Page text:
Selling below market rate loan for discount


B

bm30003700

A few days ago, I asked about a situation where my client
makes a loan to her brother for less than the applicable
federal rate. Under that scenario, my client would need to
take into income each year the difference between what the
interest paid actually was and the applicable federal rate,
until the loan is paid.

Would that also be the case if the loan terms were such that
the loan was payable not later than her brother's death,
and, in fact no payments were made prior to his death?

For example, would my client have to take anything into
income each year if the loan and accumulated interest ended
up being paid in its entirety in ten years?

Also, if my client sold the note to a third party for some
discounted value, what happens then?

Thanks so much for the response to my post a few days back.
Great ideas. Unfortunately, my client's situation doesn't
lend itself to those possibilities.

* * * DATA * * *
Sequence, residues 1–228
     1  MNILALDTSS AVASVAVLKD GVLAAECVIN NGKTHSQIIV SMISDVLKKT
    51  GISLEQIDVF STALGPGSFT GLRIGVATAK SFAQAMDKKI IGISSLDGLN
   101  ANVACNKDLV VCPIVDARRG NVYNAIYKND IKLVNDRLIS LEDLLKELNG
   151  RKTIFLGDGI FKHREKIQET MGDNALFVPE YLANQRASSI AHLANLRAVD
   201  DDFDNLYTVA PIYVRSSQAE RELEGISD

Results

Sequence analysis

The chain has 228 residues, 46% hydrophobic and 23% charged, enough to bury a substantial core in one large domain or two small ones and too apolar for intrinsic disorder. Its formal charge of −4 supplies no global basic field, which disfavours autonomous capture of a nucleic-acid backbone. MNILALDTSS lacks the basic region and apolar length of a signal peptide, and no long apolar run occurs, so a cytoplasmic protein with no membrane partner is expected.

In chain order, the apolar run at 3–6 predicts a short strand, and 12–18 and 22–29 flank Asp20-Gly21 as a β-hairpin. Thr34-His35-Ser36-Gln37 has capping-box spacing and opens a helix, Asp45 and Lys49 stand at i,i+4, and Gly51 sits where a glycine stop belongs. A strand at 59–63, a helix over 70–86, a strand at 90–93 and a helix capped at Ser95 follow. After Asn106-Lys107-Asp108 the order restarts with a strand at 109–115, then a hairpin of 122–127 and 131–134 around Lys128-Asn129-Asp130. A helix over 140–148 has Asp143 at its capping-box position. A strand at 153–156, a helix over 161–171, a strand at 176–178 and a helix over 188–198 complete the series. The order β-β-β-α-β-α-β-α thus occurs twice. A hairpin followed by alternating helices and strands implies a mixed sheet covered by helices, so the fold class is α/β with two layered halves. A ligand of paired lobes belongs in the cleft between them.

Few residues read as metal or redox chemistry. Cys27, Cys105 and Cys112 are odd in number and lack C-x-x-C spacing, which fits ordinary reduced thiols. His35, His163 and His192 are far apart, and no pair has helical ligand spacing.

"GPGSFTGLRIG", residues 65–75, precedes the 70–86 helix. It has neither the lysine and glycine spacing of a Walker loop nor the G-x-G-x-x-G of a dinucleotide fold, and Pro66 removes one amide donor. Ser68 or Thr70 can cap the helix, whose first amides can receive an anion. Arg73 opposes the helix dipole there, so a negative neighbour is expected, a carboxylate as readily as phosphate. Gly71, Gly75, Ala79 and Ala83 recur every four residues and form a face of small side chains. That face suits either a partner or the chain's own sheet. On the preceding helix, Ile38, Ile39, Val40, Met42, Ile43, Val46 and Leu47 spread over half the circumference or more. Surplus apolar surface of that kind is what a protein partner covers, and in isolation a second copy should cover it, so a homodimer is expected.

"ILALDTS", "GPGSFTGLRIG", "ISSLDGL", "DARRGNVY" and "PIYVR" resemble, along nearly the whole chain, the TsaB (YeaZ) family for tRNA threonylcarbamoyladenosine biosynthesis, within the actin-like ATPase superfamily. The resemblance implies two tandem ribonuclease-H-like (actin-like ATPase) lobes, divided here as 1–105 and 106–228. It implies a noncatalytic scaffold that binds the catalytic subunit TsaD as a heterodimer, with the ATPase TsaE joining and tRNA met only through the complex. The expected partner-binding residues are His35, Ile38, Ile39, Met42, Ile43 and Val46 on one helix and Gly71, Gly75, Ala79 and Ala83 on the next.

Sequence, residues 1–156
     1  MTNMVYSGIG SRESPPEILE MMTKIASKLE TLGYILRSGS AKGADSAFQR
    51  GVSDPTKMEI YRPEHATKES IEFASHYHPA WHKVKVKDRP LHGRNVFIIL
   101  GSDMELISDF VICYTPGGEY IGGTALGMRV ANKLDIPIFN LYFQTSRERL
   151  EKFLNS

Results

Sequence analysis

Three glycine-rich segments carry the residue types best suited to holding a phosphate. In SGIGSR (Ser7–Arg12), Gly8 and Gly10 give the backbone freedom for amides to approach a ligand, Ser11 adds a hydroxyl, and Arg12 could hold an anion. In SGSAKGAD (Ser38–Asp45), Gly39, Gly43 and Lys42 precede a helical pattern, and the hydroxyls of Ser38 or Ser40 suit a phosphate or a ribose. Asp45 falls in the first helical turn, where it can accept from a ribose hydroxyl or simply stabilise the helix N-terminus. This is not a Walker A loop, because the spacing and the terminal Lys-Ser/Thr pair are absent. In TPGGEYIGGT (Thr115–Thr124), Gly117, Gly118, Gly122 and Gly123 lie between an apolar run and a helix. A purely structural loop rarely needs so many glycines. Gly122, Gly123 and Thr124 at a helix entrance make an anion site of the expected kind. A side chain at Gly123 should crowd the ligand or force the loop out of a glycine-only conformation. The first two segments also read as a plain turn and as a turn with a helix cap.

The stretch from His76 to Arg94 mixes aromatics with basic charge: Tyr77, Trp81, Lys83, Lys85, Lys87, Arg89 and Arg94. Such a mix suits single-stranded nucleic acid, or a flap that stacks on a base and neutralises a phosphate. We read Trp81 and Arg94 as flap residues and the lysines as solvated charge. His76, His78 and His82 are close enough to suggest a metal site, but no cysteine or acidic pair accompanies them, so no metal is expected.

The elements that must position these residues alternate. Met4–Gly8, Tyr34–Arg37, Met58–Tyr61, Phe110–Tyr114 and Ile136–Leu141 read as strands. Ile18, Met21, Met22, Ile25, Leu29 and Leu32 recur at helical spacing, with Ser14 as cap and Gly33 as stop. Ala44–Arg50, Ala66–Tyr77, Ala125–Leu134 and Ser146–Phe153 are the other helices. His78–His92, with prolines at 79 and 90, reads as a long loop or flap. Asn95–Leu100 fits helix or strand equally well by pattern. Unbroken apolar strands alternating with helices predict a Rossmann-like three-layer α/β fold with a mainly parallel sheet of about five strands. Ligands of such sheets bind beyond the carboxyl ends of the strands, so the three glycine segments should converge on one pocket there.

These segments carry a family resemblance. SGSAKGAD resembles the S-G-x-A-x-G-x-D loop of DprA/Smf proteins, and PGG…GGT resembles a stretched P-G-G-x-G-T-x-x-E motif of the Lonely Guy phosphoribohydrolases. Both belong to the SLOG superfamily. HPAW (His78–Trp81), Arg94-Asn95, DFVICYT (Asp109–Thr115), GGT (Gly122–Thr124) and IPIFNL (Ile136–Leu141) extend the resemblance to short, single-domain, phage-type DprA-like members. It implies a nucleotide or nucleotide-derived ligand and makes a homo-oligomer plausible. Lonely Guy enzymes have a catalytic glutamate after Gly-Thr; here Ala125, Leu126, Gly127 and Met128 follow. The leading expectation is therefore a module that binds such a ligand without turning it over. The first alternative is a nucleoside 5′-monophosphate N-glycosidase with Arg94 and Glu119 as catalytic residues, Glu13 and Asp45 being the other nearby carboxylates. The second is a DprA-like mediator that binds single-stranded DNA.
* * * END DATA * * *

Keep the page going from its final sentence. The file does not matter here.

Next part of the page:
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D

Drew Edmundson

A few days ago, I asked about a situation where my client
makes a loan to her brother for less than the applicable
federal rate. Under that scenario, my client would need to
take into income each year the difference between what the
interest paid actually was and the applicable federal rate,
until the loan is paid.

Would that also be the case if the loan terms were such that
the loan was payable not later than her brother's death,
and, in fact no payments were made prior to his death?

For example, would my client have to take anything into
income each year if the loan and accumulated interest ended
up being paid in its entirety in ten years?
It is called OID. See Sections 1271-1275.

I don't recall your other post. Have you looked at the gift
loan rules? Where the amount includible in income is
limited to the amount of investment income of the borrower?
See 7872(d).
 
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